So while 2013 may not have been the best year ever for stocks, it is at least in the discussion, particularly in the modern era since 1970s.
So in what way does any of this matter for the stock outlook in 2014? It matters a great deal for several reasons.
First, extraordinary years such as 2013 are difficult to repeat. And they are particularly challenging to replicate when coming so late in a cyclical bull market cycle. Given that stocks are now trading at nearly 20x trailing 12-month as reported earnings, it stands to question how much in the way of potential future returns was pulled forward into 2013 given the remarkable +20% multiple expansion in valuations.
Second, the impressive consistency of returns may also be difficult to repeat. Stock investors were virtually comatose to risk last year. Not only did the VIX spend most of the year at long-term lows, but the S&P 500 also remained comfortably above its 200-day moving average for the entire year. In fact, it only corrected into its 100-day moving average a mere three times, finding support in each instance. This remarkably consistent performance and gains in 58.33% of trading days was an exceptional occurrence that is rare in any market environment, much less the post crisis climate we are operating in today. In other words, the market is overdue for at least some sort of sustained correction.
Lastly, the primary driver of the rising stock market is now going away. The stock market last year that was operating in a setting of an otherwise sluggish economy with little in the way of revenue and earnings growth over the past two years was no doubt aided a great deal by the Fed's massive liquidity injections that flowed freely throughout the year. But this program is now in the process of being wound down by the Fed. So while markets will continue to receive a generous helping of stimulus as we start the year, it will become increasingly rationed as 2014 progresses. As a result, the economy and earnings will need pick up pace fairly dramatically to help fill the liquidity induced air pocket that has inflated under the stock market over the last several years. If not, we may eventually find ourselves in the converse environment where good news is bad news and bad news is bad news.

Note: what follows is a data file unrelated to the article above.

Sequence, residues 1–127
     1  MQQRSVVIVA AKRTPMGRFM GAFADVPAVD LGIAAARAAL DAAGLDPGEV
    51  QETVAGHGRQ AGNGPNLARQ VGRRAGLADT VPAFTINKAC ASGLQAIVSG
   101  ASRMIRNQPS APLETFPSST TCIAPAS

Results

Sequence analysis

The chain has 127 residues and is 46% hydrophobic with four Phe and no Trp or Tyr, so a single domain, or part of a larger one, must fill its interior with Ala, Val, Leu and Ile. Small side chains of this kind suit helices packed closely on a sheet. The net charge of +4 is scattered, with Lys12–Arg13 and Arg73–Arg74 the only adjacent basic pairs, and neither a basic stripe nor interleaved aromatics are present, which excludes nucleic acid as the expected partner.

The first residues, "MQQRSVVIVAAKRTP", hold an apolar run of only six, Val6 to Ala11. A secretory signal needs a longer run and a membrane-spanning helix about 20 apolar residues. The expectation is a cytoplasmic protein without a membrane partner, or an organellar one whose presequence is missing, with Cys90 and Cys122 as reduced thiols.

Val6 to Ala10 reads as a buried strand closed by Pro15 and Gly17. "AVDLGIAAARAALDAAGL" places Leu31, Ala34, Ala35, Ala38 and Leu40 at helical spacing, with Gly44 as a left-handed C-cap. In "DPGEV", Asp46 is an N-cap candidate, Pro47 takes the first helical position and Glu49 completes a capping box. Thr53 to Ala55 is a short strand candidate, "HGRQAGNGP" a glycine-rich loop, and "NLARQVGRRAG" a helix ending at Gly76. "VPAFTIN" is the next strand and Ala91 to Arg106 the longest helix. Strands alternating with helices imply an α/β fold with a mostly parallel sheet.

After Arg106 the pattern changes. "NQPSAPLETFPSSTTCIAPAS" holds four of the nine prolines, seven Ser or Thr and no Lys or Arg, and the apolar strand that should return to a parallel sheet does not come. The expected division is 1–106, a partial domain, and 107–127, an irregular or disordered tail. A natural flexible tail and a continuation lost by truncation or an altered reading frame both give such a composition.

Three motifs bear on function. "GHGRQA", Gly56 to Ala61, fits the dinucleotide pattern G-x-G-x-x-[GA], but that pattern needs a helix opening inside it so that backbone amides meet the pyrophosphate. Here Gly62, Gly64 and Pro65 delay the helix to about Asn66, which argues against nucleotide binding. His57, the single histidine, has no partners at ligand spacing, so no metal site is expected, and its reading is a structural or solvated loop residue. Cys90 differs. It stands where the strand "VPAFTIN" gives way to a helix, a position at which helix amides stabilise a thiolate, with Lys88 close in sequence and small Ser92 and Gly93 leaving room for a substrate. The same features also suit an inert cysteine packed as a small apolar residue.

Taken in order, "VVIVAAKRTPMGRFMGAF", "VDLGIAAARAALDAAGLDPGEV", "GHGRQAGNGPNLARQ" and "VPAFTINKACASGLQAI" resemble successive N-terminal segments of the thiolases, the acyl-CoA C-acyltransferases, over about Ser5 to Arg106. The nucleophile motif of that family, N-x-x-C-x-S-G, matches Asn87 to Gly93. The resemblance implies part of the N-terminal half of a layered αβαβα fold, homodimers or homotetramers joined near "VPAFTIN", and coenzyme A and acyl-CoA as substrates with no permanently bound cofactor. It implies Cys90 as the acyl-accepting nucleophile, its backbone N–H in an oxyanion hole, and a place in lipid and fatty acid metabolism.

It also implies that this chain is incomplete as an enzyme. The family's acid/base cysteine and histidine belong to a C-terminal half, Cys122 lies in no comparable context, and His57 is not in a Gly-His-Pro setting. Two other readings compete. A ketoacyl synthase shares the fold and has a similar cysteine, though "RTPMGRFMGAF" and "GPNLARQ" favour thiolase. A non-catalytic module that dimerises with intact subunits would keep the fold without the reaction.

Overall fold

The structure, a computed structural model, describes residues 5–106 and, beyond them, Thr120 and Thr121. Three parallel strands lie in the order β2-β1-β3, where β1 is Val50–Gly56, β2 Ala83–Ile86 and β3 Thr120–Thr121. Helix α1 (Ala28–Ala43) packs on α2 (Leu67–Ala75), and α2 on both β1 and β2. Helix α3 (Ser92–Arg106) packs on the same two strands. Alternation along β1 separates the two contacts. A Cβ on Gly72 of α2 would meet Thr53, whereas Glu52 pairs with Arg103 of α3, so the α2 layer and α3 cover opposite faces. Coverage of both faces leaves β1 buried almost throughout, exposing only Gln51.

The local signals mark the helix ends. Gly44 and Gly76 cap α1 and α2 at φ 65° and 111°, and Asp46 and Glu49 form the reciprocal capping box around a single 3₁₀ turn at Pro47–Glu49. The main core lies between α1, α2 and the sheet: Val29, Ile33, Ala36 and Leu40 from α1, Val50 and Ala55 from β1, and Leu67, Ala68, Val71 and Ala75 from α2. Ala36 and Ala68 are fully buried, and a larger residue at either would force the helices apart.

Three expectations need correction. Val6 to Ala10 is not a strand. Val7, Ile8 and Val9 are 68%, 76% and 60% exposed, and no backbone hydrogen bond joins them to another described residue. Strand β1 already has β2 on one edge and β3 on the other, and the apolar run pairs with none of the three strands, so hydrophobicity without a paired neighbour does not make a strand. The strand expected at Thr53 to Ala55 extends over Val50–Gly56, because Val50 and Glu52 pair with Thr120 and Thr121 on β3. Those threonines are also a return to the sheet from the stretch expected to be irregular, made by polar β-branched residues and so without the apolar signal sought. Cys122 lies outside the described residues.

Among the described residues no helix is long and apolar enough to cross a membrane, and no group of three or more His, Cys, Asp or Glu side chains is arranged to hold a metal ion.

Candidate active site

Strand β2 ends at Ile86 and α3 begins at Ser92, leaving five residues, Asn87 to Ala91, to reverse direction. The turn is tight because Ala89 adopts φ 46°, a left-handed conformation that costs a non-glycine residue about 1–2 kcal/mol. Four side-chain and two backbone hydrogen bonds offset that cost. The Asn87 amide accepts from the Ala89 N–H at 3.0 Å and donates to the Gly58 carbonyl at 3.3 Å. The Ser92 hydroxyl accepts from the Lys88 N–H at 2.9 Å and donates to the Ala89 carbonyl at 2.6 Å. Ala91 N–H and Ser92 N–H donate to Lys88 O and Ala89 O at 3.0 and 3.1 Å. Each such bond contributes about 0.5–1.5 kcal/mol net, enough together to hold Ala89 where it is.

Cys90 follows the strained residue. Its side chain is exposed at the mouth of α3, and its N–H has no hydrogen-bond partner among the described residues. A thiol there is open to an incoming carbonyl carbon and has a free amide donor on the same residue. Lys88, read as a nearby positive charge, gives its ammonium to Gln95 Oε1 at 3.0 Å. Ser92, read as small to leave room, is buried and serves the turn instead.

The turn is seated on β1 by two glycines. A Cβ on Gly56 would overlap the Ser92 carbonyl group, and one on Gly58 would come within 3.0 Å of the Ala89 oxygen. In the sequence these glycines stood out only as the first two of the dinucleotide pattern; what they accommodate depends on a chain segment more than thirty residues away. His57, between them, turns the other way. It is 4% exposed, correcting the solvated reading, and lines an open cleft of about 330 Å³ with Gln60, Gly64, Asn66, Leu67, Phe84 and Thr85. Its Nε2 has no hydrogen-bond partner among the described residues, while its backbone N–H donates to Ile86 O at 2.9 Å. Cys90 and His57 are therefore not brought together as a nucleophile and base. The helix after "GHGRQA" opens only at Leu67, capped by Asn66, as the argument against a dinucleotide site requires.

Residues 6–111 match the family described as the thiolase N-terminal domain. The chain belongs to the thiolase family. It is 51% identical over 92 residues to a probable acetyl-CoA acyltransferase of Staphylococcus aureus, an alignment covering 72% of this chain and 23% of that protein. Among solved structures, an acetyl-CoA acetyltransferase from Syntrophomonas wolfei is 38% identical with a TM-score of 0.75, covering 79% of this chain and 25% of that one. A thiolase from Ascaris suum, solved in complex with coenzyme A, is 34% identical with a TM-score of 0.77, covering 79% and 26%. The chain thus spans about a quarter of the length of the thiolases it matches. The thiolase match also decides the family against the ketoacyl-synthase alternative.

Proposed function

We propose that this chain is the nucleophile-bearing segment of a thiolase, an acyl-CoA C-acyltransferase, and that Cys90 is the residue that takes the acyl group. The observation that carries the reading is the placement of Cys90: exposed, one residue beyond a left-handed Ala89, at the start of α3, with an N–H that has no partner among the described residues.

So while investors continue to celebrate the phenomenal year that was 2013, it is important to maintain at minimum a degree of caution as the New Year progresses. For just like the aging baseball stars that once basked in the glory of cheering fans as they chased the record books but are now looked upon with scorn and shame, so to may we eventually be looking at a once celebrated stock market that has succumbed to the reality that much of the tremendous performance in 2013 turned out to be falsely enhanced in the end. Only time will tell.